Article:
I am less of myself and more of the sun;
The beat of life is wearing me
To an incomplete oblivion,
Yet not to the certain dignity
Of death. They cannot even die
Who have not lived.
The hungry jaws
Of space snap at my unlearned eye,
And time tears in my flesh like claws.
If I am not life’s, if I am not death’s,
Out of chaos I must re-reap
The burden of untasted breaths.
Who has not waked may not yet sleep.
If the world taking shape around us today seems to make us strangers in a strange land—strangers in our own land—that’s because it does. If, while preaching freedom, the world seems filled with cynicism, ugliness, blasphemies big and small, and sadness, that’s because (too often) it is. What the modern world really wants, wrote Josef Pieper, “is flattery, and it does not matter how much of it is a lie.” But since every lie is an act of violence against reality and a deforming of the the truth, the world also wants the right to disguise the lying, so “the fact of being lied to can be easily ignored.” The result is predictable: “The common element in all of this is the degeneration of language into an instrument of rape.”1
And that rape is carried out not just against the dignity of the human spirit, but against the the beauty of the earth itself. Just as the face of a beloved shines with the inner light of the person’s soul, so the world as a sacrament shines with the face of God. The atheist culture of our age, says Roger Scruton, has a number of motives—but one of them is the desire to escape from the eye of judgment. And we escape from the eye of God’s judgment by mutilating the face of his world.
Thus the spoiling of the earth with waste and brutalizing of our human habitats with ugly art and buildings are not clumsy mistakes of progress, but desecrations. As Scruton notes, “Sacred places [like a sacramentally understood natural world] are the first places to be destroyed by invaders and iconoclasts, for whom nothing is more offensive than the enemy’s gods.” We should recognize “that much of the destruction of our environment today is deliberate, the result of a willed assault on old and despised forms of tranquility.”2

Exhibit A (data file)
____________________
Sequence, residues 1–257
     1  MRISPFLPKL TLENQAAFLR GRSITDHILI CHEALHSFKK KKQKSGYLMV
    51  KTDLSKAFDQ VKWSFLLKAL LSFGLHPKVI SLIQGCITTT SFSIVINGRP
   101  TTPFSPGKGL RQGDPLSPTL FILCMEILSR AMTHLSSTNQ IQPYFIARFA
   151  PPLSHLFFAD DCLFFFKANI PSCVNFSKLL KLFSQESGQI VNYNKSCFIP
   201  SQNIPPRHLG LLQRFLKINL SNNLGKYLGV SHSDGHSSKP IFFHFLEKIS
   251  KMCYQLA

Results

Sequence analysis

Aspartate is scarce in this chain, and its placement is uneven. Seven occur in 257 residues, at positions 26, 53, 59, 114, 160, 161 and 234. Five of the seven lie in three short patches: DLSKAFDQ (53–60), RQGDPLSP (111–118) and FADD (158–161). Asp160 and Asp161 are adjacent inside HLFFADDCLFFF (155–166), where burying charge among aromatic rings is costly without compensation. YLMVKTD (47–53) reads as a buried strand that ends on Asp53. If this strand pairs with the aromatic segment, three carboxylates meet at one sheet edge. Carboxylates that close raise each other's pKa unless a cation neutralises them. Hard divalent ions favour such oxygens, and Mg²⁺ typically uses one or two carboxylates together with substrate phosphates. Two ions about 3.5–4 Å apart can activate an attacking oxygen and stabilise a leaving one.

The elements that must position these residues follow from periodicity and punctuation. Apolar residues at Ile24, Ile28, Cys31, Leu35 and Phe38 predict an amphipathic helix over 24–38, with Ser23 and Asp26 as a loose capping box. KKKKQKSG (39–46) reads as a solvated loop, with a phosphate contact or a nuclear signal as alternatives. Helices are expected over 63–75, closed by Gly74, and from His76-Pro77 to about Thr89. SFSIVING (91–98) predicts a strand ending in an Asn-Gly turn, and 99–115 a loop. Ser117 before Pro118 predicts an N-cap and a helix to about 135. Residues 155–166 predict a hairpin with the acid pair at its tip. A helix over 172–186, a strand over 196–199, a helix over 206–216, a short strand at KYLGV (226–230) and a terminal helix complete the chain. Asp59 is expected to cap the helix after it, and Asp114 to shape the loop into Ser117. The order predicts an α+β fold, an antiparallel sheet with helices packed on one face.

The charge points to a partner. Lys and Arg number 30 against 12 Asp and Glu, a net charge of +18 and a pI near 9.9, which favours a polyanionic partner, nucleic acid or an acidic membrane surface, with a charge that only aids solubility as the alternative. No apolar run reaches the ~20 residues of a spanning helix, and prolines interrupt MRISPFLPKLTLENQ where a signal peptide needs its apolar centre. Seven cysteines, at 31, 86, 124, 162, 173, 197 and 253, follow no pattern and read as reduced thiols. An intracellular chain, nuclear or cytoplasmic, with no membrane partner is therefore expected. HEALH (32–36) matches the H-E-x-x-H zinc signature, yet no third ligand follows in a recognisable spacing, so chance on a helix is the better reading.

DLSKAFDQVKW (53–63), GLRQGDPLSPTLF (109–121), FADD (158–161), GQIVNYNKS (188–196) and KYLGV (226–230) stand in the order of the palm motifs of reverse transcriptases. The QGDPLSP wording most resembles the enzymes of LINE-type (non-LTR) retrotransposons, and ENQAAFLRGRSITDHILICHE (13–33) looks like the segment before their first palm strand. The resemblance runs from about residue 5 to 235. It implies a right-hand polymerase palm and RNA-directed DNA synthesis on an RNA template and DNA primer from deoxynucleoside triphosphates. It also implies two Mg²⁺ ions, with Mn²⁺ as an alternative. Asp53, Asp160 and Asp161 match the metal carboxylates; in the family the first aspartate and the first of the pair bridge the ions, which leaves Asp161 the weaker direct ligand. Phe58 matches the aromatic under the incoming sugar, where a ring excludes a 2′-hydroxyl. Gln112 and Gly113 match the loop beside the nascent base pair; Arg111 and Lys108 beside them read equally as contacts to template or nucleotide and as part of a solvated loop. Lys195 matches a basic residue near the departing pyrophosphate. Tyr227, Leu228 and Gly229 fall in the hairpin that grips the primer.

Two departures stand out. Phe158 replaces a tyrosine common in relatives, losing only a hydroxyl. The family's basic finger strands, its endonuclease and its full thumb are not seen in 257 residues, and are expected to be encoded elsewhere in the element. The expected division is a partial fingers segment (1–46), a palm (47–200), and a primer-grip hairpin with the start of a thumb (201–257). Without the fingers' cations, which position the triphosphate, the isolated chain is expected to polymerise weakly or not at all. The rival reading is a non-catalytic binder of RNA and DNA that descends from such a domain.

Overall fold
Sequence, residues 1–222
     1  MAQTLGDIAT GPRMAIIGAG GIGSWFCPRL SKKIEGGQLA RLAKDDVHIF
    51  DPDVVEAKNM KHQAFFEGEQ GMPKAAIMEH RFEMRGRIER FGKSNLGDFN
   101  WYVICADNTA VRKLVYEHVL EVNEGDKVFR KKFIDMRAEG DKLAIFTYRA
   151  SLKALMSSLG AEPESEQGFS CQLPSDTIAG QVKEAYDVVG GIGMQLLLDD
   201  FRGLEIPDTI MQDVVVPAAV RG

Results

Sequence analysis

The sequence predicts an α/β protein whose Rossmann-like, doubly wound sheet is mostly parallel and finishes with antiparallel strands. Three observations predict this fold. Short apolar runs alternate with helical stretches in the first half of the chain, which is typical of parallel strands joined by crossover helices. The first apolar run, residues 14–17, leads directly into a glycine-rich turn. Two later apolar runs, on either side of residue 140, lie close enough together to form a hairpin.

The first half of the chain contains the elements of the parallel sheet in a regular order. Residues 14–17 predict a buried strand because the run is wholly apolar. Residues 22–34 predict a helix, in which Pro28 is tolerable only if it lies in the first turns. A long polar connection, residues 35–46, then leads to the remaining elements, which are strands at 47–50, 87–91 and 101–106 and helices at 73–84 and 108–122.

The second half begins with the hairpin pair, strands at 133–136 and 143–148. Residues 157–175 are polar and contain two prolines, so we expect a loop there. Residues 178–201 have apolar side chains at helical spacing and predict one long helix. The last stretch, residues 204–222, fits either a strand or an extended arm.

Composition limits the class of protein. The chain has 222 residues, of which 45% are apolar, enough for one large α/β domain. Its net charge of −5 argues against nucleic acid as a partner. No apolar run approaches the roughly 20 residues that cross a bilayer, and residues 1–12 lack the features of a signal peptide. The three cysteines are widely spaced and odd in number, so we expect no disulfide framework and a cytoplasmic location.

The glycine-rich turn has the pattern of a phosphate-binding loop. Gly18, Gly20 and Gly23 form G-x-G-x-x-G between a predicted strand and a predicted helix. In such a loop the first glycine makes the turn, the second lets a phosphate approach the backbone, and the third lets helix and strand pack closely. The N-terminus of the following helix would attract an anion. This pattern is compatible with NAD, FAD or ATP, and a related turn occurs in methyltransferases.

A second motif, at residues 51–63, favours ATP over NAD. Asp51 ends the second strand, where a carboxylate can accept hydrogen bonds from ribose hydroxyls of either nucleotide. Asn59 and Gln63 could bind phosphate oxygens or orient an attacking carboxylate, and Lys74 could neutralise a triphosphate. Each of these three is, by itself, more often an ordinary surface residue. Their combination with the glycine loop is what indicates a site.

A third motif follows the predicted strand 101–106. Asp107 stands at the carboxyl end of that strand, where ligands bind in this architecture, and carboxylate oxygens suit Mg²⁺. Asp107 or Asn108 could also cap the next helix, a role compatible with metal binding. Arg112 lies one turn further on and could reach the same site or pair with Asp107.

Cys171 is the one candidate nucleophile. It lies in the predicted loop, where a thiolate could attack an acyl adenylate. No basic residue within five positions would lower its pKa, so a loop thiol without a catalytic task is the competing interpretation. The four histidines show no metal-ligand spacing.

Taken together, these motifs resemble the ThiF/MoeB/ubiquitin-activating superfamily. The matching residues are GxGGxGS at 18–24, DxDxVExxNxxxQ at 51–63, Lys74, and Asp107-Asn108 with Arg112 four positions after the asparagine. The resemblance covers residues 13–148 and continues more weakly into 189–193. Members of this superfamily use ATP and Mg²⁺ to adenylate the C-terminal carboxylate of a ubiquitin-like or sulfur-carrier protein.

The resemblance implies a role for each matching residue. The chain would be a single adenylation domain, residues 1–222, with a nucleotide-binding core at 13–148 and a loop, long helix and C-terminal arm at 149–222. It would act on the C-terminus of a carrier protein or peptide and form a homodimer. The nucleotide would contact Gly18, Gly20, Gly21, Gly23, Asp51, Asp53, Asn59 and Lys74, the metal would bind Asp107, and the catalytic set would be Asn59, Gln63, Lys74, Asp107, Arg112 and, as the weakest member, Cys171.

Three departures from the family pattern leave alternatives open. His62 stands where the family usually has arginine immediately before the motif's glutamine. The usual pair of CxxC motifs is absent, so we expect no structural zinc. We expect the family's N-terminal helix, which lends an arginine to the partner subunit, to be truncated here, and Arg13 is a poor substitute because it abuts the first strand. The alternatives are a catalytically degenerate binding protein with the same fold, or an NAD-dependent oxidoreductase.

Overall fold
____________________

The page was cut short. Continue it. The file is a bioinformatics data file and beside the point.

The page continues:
–Archbishop Charles Chaput, Strangers in a Strange Land: Living the Catholic Faith in a Post-Christian World, pg 226
1Josef Pieper, Abuse of Language, Abuse of Power, 26, 32.
2Roger Scruton, Face of God, 123-24.
After having thus taken each individual one by one into its powerful hands, and having molded him as it pleases, the sovereign power extends its arms over the entire society; it covers the surface of society with a network of small, complicated, minute, and uniform rules, which the most original minds and the most vigorous souls cannot break through to go beyond the crowd; it does not break wills, but it softens them, bends them and directs them; it rarely forces action, but it constantly opposes your acting; it does not destroy, it prevents birth; it does not tyrannize, it hinders, it represses, it enervates, it extinguishes, it stupifies, and finally it reduces each nation to being nothing more than a flock of timid and industrious animals, of which the government is the shepherd.
I have always believed that this sort of servitude, regulated, mild and peaceful, of which I have just done the portrait, could be combined better than we imagine with some of the external forms of liberty, and that it would not be impossible for it to be established in the very shadow of the sovereignty of the people.
–Alexis de Tocqueville, Democracy in America
“Everything that human beings are doing to make it easier to operate computer networks is at the same time, but for different reasons, making it easier for computer networks to operate human beings.”
–George Dyson, Darwin Among the Machines
All things (e.g. a camel’s journey through
A needle’s eye) are possible, it’s true.
But picture how the camel feels, squeezed out
In one long bloody thread from tail to snout.
–C. S. Lewis, Untitled, Poems, Pg. 134
All the world’s wiseacres in arms against them
Shan’t detach my heart for a single moment
From the man-like beasts of the earthy stories—
Badger or Moly.
Rat the oarsmen, neat Mrs Tiggy Winkle,
Benjamin, pert Nutkin, or (ages older)
Henryson’s shrill Mouse, or the Mice the Frogs once
Fought with in Homer.
Not that I’m so craz’d as to think the creatures
Do behave that way, nor at all deluded
By some half-false sweetness of early childhood
Look again. Look well at the beasts, the true ones.
Can’t you see? . . . cool primness of cats, or coney’s
Half indignant stare of amazement, mouse’s
Tipsy bear’s rotundity, toad’s complacence . . .
Why! they all cry out to be used as symbols,
Masks for Man, cartoons, parodies by Nature
Formed to reveal us
Each to each, not fiercely but in her gentlest
Vein of household laughter. And if the love so
Raised—it will, no doubt—splashes over on the
Who’s the worse for that? Marry, gup! Begone, you
Fusty kill-joys, new Manichaeans! Here’s a
Health to Toad Hall, here’s to the Beaver doing
Sums with the Butcher!
–C. S. Lewis, Poems, Pg. 2